Photos Fail to Arrive A number of photographs intended for this week’s Gazette failed to arrive from the engraver by press time. They will appear in next week’s issue.
100 Years Ago PRESCOTT TRIBUNE June 16, 1921 WHAT IS DOING AT THE THEATRES A Brief Resume of Coming Events in the Local Movie Shows Sunday, June 19th The funniest things Owen Moore has ever done on the screen is his characterization of Melville Caruthers, in the title role of “the Poor Simp,” A Selznick Production.
The picture is a true farce comedy with the humor derived from the unique and complicated situations, and the unavailing but well-meaning efforts of his friends to extricate the leading character from his dilemma.
120 Years Ago BACKBONE (A Prohibition paper) St. Paul and Minneapolis Volume V. Number 6 June 1901 OUR MAILBOX Backbone is a spinal column having no abnormalities, true to nature and to nature’s God.—Dr. Maude M. Sanders, Racine Wisconsin VERTEBRAE (the locals) S. W. Squire, soloist, has been out for Backbone.
Prince Edward Island’s prohibitory law has gone into effect.
The Prohibition party mayor of Owosso, Mich., is being opposed by his whiskey council, but he is making the enemy tremble by enforcing the law.
One thousand Catholic young people of Wilkesbarre, Pa., recently pledged themselves to a life of total abstinence. 135 Years Ago ECHO DE L’OUEST (WESTERN ECHO) VOLUME III, NO. 8.
Mercredi (Wednesday), 17 June 1885 English version: First Communion at the Church of Our Lady of Lourdes Sunday last saw the first communion of the children of Our Lady of Lourdes parish…47 (quarante sept) children, boys and girls, all in costumes of black and of white…reception in basement of the church after Mass.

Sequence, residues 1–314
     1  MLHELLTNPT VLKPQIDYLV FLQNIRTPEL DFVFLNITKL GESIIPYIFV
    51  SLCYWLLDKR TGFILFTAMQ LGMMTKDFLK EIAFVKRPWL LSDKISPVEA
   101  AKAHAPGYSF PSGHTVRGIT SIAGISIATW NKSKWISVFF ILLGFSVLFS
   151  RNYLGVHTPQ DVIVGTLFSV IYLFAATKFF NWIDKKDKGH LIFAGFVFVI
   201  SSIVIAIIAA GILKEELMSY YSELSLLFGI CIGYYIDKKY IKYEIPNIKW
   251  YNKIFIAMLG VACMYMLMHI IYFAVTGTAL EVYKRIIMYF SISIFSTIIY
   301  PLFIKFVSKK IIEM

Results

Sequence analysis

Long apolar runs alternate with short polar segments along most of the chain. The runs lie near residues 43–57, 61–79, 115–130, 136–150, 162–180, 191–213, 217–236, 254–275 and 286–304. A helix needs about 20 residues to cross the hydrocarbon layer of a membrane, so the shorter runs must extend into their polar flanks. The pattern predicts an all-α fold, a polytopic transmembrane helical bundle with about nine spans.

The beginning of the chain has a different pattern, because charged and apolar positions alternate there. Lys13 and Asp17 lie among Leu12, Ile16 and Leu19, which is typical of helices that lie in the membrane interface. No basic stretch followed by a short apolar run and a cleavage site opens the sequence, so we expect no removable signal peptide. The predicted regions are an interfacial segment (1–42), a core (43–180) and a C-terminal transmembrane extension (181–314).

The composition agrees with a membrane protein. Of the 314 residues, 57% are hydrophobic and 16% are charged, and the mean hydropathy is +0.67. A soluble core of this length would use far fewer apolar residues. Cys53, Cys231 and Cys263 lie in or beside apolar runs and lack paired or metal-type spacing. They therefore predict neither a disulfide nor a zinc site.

French original: 1re Communion a l’eglise Notre Dame de Lourdes Dimanche dernier avait lieu a l’eglise Notre Dame de Lourdes la 1re (Premiere) Communion des enfants de cette parish.
(Note: Wedding attire is traditionally worn at Catholic First Communion in the Western rite from the belief that the communicant is joined to Christ by grace through receiving the Eucharist, thereby being united to his/her God).
156 Years Ago Hastings in the Civil War HASTINGS CONSERVER June 14, 1964 Our Ticket.
With much pleasure and satisfaction, we today place at the head of our columns the names of the candidates recently nominated at Baltimore for the office of President and vice President of the United States. It is a ticket of which every union man and patriot may well be proud, with Abraham Lincoln and Andrew Johnson for our leaders we shall do battle in the coming contest to the best of our ability… Our German Citizens.
The German population of this city comprises an important portion of its inhabitants, and we take pleasure in saying they are a frugal, industrious, temperate and intelligent class of our citizens, fully as much so as the same number of any others in this city…Some three years since they erected the “Teutonia Hall,” and since its completion it has been found about indispensable, and in addition to the use for which it was designed by its founders, it has been used for various other purposes.
Court.—The June term of the district court will commence on Tuesday 21st inst.